Since its inception in 1992, nearly 350,000 students have participated in the ExploraVision program
From a hearing aid powered by the body's thermal energy to an external microbial cleansing device designed to capture pathogens in the blood stream, the young winners of the Toshiba/NSTA (National Science Teachers Association) ExploraVision competition have dreamed up a wide array of innovative technologies that could help build a better future.
The program has announced the national winners of the world's largest K-12 science and technology competition, which is designed to build problem-solving, critical thinking and collaboration skills that are central to the Next Generation Science Standards.
The Toshiba/NSTA ExploraVision program challenges participants to imagine what technology might be like in 20 years. Students work in teams to propose ideas for innovative future technology based on a challenge of what already exists, simulate real scientific research to outline how they plan to test their idea, and build websites to further illustrate and communicate their concepts.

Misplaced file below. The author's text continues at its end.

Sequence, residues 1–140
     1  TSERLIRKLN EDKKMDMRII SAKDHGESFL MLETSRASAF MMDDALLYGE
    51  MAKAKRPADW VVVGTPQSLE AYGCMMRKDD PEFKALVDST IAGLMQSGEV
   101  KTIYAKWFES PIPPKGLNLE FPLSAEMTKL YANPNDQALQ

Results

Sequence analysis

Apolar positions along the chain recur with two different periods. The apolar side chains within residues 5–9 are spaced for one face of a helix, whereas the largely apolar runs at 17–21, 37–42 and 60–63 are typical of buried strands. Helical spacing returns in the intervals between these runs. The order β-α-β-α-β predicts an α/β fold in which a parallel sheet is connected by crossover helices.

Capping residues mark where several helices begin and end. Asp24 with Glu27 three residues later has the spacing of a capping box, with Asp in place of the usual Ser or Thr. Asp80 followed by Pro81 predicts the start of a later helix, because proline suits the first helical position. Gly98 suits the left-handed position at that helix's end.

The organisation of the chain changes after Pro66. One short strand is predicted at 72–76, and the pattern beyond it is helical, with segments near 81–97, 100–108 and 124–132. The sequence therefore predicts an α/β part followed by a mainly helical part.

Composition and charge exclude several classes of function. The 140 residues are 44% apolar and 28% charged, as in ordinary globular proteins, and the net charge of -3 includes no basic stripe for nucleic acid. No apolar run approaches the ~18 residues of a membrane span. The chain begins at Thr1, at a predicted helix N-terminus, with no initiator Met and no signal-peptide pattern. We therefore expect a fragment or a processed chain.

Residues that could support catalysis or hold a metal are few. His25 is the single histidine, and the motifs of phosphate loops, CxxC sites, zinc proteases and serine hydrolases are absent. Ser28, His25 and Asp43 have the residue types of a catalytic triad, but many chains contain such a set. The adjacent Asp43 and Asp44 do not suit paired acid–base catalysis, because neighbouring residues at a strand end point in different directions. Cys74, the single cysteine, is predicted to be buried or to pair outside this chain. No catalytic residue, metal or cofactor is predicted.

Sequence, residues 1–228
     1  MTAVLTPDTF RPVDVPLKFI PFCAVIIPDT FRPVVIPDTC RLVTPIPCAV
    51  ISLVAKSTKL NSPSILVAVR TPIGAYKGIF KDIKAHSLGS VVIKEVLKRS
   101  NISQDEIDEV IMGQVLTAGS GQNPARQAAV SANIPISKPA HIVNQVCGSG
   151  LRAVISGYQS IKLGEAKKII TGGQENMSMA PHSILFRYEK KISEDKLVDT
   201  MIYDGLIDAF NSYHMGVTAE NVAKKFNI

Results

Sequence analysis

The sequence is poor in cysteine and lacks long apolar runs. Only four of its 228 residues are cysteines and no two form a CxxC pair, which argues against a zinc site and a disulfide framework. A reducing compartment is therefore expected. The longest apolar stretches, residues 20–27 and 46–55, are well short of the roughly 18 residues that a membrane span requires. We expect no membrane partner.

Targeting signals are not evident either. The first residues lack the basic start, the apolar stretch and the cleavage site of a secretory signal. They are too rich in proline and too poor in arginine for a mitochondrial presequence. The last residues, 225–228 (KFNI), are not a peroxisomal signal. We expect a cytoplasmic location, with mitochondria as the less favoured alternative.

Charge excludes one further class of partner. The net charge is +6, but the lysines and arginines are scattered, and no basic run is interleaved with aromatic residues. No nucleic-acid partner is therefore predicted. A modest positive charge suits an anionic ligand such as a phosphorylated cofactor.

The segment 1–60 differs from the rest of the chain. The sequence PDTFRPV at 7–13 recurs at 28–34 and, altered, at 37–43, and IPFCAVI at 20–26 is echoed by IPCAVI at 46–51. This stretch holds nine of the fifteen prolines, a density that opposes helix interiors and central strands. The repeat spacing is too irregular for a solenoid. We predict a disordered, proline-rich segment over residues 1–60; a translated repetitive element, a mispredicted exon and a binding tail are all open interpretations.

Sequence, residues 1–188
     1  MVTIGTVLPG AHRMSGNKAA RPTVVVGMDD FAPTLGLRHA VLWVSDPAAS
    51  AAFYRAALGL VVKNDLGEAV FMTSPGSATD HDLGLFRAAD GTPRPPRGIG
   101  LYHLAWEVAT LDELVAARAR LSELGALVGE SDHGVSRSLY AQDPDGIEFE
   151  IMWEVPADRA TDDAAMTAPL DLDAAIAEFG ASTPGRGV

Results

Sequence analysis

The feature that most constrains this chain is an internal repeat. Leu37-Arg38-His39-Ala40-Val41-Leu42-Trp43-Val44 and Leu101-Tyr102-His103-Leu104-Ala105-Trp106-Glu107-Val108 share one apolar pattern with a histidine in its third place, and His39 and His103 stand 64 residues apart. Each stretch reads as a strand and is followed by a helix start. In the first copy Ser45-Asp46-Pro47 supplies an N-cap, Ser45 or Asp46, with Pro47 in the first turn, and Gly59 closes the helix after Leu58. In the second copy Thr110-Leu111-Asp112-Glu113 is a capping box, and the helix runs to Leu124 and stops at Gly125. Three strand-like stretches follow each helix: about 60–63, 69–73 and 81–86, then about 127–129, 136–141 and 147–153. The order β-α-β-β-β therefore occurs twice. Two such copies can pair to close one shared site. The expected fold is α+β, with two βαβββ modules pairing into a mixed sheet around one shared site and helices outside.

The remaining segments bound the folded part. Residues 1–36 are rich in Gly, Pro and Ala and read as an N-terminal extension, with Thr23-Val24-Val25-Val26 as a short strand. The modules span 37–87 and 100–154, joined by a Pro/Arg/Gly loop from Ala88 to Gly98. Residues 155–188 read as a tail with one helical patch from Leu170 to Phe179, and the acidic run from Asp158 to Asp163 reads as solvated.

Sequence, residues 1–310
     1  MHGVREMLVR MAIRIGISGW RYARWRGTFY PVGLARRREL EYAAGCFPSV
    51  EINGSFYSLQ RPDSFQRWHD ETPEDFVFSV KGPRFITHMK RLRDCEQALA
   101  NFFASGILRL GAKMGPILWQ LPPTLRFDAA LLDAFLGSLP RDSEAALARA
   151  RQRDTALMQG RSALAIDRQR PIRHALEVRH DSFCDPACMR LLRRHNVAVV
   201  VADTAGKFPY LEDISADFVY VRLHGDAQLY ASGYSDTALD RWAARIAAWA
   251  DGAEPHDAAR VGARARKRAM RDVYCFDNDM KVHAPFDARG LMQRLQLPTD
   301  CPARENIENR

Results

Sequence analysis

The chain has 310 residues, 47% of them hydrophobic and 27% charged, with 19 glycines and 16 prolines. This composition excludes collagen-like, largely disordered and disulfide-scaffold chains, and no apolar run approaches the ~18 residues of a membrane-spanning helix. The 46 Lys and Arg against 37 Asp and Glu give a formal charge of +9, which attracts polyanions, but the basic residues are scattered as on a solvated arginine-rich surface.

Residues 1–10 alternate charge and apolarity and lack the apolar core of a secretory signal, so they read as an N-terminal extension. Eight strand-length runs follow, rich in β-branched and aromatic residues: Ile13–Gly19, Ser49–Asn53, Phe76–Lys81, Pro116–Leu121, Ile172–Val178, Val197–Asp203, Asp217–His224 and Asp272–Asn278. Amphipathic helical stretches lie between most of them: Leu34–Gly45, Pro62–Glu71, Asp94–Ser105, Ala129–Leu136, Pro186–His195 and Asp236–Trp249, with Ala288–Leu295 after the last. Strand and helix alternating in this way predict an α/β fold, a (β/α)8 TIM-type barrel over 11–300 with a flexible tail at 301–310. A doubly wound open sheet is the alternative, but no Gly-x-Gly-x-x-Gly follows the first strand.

Since its inception in 1992, nearly 350,000 students have participated in the ExploraVision program. This year, 5,041 team projects were entered in the competition representing 15,473 students from across the United States and Canada.
"This year marks the 50th anniversary of Toshiba's operations in the United States, and throughout this period, the company has maintained a strong commitment to technological innovation. The ExploraVision program represents this ideal, and continues to be the cornerstone of Toshiba's Corporate Social Responsibility initiative in North America. We are extremely proud to see ExploraVision continue to succeed in its 23rd year, inspiring students to explore and develop a passion for the STEM subjects that are vital for our future," said Mr Masaaki Osumi, Toshiba America's chairman and CEO, and Toshiba's corporate representative for the Americas.